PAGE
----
Merkel pushes China to open its markets

Merkel pushes China to open its markets
Photo: DPA
German Chancellor Angela Merkel on Friday prodded China to ease access to its markets, as the world's top two exporting nations signed a series of deals reportedly worth several billion dollars.

After meeting Premier Wen Jiabao and overseeing the signing of the agreements covering trade, energy and culture, Merkel said she had emphasised German wishes for greater openness in the world’s third-largest economy.

“Chinese companies, like those of many other countries, enjoy very good access to the German market. We hope that German enterprises can enjoy the same access to the Chinese market,” she told reporters.

Trade between the export powerhouses has grown rapidly – to $91 billion last year, up from $41 billion in 2001, according to Chinese data.

However, in the past few years, the trade balance has tipped decisively in China’s favour, with Chinese exports to Germany totalling $55 billion last year, while trade in the other direction amounted to $36 billion.

“Neither Germany nor China pursues a trade imbalance,” Wen said during a joint press conference after their talks. “We hope that trade can be balanced and orderly.”

China overtook Germany last year to become the world’s top exporter, with some $1.2 trillion in merchandise exported, according to World Trade Organisation figures. Germany exported $1.12 trillion of goods in 2009.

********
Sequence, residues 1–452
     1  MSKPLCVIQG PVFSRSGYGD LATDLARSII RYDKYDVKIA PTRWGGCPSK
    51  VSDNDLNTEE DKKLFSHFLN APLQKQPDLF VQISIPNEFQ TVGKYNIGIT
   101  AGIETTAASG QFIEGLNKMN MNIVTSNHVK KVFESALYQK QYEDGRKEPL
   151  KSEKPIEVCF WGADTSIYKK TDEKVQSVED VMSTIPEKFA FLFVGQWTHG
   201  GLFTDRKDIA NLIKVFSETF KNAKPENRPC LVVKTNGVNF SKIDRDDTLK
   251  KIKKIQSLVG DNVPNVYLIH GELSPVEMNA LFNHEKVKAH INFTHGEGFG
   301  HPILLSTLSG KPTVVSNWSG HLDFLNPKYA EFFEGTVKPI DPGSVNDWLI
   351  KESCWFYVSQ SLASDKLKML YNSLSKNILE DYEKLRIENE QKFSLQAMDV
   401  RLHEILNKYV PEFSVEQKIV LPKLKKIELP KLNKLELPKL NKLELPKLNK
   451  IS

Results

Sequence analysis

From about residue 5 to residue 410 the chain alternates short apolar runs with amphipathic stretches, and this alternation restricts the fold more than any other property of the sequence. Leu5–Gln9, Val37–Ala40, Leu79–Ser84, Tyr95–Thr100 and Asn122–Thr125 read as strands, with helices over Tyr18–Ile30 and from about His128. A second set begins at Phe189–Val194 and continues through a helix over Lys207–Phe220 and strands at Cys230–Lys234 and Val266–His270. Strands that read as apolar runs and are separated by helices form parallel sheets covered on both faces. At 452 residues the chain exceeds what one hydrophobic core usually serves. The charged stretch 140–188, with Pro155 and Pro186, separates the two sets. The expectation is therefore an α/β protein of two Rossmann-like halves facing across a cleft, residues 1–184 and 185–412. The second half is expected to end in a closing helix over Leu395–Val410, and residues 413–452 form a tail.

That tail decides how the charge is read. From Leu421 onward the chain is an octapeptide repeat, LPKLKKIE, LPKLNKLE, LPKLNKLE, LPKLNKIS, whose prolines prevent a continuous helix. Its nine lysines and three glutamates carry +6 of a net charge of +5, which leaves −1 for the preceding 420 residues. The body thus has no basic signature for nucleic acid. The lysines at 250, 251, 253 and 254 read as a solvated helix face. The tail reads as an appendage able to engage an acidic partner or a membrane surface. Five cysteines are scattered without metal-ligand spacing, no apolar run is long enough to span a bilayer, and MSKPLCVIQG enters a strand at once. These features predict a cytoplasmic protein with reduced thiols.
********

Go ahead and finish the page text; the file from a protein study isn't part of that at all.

Merkel also said China still had not satisfied all the requirements for attaining market economy status in the eyes of Europe, a designation expected to lessen the occurrence of trade actions being taken against China.

She said Beijing still had to do more to ensure the protection of intellectual property rights and market access.

“From the standpoint of market access, we very much hope that Germany, in entering China’s market, can receive equal treatment,” she said.

However, Merkel described her talks with Wen as “friendly”, while both sides they would work for an even closer trade relationship.

Among the agreements signed was one between Shanghai Electric Group of China and Siemens AG for the creation of a service joint venture for the steam and gas turbine power plant market.

China’s official Xinhua news agency said the deal involved $3.5 billion. Siemens disputed the figure, but did not give another one.

Foton Motor of China and Daimler-Benz AG also signed an agreement for a 50-50 joint venture to produce heavy trucks in China for the domestic and foreign markets.

Trucks under Foton’s Auman brand will be produced using Daimler technology in diesel engines and exhaust systems, allowing the vehicles to meet strict European standards, a statement said, without giving financial details. Xinhua put the value of that deal at $938 million.

China and Germany also signed a pact to create a €124-million ($160.2-million) ‘green’ fund to encourage emissions reductions and corporate energy-saving, Xinhua reported.

Wen repeated Beijing’s intent to remain a long-term investor in the euro despite Europe’s ongoing debt crisis.

“As a responsible, long-term investor, China has always upheld the principle of diversified investments,” he said.

“The European market has been, is now, and will in the future be among the main markets for investment of China’s foreign exchange reserves.”

The debt crisis has forced European governments to bail out Greece and set up a €750-billion loan package with the International Monetary Fund to help any other state that may need assistance.

China’s foreign exchange reserves, already the world’s largest, surged to a record $2.454 trillion at the end of June, according to the central bank.

Merkel met President Hu Jintao later in the day.

During her trip to China, which comes on the heels of a visit to Russia, she is also due to visit Xian, home to China’s ancient terracotta army.

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